I watched Bernie Sanders’ speech at Liberty University on Monday with mixed feelings. On the one hand, Sanders is a good, if a little stilted, public speaker. He is energetic and passionate. In his slightly rumpled clothes and with his snow-white hair coming more and more undone as he speaks, he comes off as sort of a cross between an old political science professor and Howard Beale.
On the other hand, I questioned whether it was worth the time and effort for a leftist like Sanders to speak to an audience that likely leaned so far to the right it was in danger of tipping over the starboard rail. What possible common ground could a politician of the left find with a crowd at ground zero of the conservative evangelical movement, a university founded by the Rev. Jerry Falwell that teaches creationism in its biology classes?
As others have noted, Sanders took a very smart approach. He acknowledged at the outset that he and the crowd would not see eye to eye on issues such as gay marriage and abortion rights. Then he challenged the crowd of Liberty students and faculty to look at the issue dearest to him, economic equality, through a more progressive lens. He asked them to imagine a world in which Americans, no matter their religion, see combating poverty and the inequality of the New Gilded Age as a moral necessity.
It was a good speech and Sanders is to be commended for giving it in a place that most liberals wouldn’t go near. It also highlights one of the weaknesses of Sanders as a candidate so far, which is his predilection for bringing every issue back around to his populist views of economic justice. But he glides past issues he cannot fit easily into this frame, even when doing so should be a snap. We saw this in his initial responses to the Black Lives Matter protesters who showed up to disrupt his speeches at Netroots Nation and other places this summer.
This shortcoming jumped out when Sanders sat for a post-speech Q&A session with David Nasser, Liberty’s senior vice president for spiritual development. One question, which got the loudest and longest sustained ovation of anything said into a microphone on Monday, is worth reprinting in full:
“You’ve talked in your campaign about how it’s immoral to protect the billionaire class at the expense of the most vulnerable in society – children…A majority of Christians would agree with you but would also go further and say children in the womb need our protection even more. How do you reconcile the two in your mind?”
The problem with the question as constructed is that it demands we accept an antiabortion framing that completely ignores the right of women to have agency over their own bodies and reproductive decisions. There are a number of good answers Sanders could have given here from a liberal perspective that would have made that clear. Probably none of them would change the minds of the evangelical Christians in the audience, which is why I wish he had not picked one that sounded like an effort to mollify the antiabortion sentiments of the crowd.
Access to abortion, as Jesse Berney points out over at Rolling Stone, “is an economic justice issue too. Wealthy women can get abortions, but for the poor they’re often out of reach.” Sanders could have pointed out explicitly the obvious economic drawbacks of forcing women, particularly those in the struggling working and middle classes, to carry unwanted pregnancies to term. He could tie this view to his call for more spending on programs for the poor, or for more progressive, family-oriented policies such as paid maternity leave or access to family-planning services, all of which help build and maintain stable families across society.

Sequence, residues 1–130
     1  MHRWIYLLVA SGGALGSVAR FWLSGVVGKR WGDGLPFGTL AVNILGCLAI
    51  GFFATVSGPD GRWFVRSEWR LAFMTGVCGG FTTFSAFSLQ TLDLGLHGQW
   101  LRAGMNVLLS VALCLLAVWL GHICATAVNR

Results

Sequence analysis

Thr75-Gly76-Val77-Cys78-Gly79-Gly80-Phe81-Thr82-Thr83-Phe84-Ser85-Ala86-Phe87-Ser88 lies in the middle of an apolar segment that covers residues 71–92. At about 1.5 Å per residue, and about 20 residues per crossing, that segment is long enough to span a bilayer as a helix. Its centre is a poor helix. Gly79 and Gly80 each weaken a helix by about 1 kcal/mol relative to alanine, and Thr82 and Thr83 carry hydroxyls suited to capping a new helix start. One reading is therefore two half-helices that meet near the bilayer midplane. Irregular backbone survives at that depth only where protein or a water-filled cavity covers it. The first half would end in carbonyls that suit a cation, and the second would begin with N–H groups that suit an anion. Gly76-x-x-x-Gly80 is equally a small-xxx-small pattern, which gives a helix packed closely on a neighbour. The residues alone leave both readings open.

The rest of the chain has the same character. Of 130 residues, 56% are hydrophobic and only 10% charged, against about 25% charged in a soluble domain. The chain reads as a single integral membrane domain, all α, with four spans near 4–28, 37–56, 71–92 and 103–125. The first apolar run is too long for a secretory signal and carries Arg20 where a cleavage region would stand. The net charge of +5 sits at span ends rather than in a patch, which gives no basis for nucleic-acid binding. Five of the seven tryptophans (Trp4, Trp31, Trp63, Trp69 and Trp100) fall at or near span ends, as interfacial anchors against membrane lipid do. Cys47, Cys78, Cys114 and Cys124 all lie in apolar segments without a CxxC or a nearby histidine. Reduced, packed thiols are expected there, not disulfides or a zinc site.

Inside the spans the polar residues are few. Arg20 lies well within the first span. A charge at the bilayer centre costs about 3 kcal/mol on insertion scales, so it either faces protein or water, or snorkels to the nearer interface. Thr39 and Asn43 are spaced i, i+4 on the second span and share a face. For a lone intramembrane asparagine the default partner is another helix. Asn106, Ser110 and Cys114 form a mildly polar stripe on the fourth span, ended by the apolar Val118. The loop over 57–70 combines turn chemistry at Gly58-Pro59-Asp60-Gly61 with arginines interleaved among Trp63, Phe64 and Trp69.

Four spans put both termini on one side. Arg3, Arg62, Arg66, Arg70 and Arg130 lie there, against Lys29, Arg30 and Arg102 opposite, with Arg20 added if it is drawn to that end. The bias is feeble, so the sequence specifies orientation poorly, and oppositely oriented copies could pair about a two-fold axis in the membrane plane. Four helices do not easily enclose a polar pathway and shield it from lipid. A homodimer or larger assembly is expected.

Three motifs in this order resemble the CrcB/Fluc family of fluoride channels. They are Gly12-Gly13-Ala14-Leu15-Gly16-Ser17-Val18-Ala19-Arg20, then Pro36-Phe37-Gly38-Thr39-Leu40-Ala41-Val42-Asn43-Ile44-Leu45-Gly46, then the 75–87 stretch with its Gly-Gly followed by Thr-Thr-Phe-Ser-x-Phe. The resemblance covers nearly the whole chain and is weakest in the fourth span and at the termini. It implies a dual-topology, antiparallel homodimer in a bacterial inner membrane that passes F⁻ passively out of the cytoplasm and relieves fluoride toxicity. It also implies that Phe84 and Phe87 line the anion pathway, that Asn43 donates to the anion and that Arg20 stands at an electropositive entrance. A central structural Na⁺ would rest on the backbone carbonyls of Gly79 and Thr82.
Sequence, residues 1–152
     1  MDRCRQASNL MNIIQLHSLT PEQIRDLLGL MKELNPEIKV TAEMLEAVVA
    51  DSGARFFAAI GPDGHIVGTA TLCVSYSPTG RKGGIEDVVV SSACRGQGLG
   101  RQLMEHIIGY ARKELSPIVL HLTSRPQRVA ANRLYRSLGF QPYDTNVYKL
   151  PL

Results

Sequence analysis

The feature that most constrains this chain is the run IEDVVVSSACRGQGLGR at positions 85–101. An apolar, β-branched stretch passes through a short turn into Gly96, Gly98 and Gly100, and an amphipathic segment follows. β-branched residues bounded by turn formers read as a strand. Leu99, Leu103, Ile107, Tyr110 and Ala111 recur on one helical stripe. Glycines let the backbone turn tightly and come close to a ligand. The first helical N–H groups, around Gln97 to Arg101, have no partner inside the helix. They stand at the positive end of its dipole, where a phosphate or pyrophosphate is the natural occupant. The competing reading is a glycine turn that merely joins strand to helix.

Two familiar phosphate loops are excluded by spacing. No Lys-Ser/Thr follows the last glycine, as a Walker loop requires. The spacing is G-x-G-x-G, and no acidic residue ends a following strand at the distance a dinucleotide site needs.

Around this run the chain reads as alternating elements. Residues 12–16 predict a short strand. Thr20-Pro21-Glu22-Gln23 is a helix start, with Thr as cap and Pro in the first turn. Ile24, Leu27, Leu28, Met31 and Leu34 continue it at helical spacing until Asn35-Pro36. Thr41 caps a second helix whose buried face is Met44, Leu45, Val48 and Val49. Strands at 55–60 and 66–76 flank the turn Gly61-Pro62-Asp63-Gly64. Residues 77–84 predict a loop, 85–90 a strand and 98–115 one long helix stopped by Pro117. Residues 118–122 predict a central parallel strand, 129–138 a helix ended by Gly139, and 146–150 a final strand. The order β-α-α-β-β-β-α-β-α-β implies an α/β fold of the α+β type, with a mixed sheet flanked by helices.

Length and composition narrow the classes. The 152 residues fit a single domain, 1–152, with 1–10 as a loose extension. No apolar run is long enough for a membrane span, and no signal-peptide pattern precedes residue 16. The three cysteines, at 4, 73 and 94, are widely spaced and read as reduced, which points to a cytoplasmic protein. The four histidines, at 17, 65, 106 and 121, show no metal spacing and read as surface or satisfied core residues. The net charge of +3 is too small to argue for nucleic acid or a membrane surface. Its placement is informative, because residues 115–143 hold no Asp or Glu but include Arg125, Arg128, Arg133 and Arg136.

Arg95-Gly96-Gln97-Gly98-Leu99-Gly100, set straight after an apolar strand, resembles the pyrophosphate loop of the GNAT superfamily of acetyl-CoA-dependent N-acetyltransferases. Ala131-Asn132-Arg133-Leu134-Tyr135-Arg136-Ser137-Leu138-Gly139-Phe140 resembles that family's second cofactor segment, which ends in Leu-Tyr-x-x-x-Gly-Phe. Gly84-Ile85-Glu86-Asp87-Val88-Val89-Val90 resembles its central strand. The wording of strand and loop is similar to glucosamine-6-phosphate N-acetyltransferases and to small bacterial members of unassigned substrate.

Instead, he tried putting his view on the issue in a conservative frame: “I do believe that it is improper for the United States government or state government to tell every woman in this country, the very painful and difficult choice she has to make on that issue…Very often conservatives say, you know, get the government out of my life. I don’t want the government telling me what to do.”
He did eventually tie his answer into Republican budget cuts to Pell grants for college students and nutrition programs for pregnant women and their children. Then he pivoted back around to complaining about the budget giving tax cuts over the course of 10 years to the top two-tenths of 1 percent of wealthy Americans, which seems to be where he often ends up when talking about any topic. But by implicitly accepting the wording of a question that left women completely out of the abortion equation, Sanders played right into the antiabortion crowd’s worldview.
Americans look to their presidents to spin a narrative about the life of our country at a particular moment in time. Sanders’ narrative about the growing inequality in our country rings true to people across the political spectrum, and that is reflected in his rising poll numbers. But not every issue fits neatly into this story he is trying to tell. The best politicians learn how to make it fit, so that everyone, even nominally hostile audiences, understands the stakes for the nation.
If Sanders figures out how to incorporate divisive issues like abortion rights into his larger story about the economic struggles of the 99 percent, he’ll be an even more formidable candidate going forward. If he doesn’t, he’ll likely peak very early in the primary season. That would be a shame.